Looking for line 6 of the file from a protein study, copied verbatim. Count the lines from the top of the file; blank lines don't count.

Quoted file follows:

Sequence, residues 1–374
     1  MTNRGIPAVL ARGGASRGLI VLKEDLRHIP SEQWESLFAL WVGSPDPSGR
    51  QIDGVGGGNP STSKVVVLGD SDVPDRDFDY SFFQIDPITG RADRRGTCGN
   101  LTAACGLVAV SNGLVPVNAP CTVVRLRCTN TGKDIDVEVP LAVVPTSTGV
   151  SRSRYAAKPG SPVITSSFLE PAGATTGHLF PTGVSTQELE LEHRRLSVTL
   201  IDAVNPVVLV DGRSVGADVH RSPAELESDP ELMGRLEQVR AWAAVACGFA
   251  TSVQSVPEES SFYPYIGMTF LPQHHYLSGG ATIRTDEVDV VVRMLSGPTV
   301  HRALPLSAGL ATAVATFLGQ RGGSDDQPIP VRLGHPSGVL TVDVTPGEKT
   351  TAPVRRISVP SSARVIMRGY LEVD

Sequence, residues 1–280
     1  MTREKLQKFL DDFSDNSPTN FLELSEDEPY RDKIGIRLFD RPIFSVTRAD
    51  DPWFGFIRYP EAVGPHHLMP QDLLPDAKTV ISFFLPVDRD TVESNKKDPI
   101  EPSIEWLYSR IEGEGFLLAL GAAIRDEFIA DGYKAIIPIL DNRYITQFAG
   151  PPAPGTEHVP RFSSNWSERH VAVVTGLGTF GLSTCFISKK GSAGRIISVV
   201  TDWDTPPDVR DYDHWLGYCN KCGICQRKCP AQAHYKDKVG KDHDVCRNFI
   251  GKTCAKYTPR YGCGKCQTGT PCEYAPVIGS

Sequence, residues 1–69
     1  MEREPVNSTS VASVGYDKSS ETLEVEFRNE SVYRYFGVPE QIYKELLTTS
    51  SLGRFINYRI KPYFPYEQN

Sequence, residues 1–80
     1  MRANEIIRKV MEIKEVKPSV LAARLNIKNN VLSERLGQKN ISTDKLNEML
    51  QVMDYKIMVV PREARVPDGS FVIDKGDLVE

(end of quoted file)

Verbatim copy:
   201  IDAVNPVVLV DGRSVGADVH RSPAELESDP ELMGRLEQVR AWAAVACGFA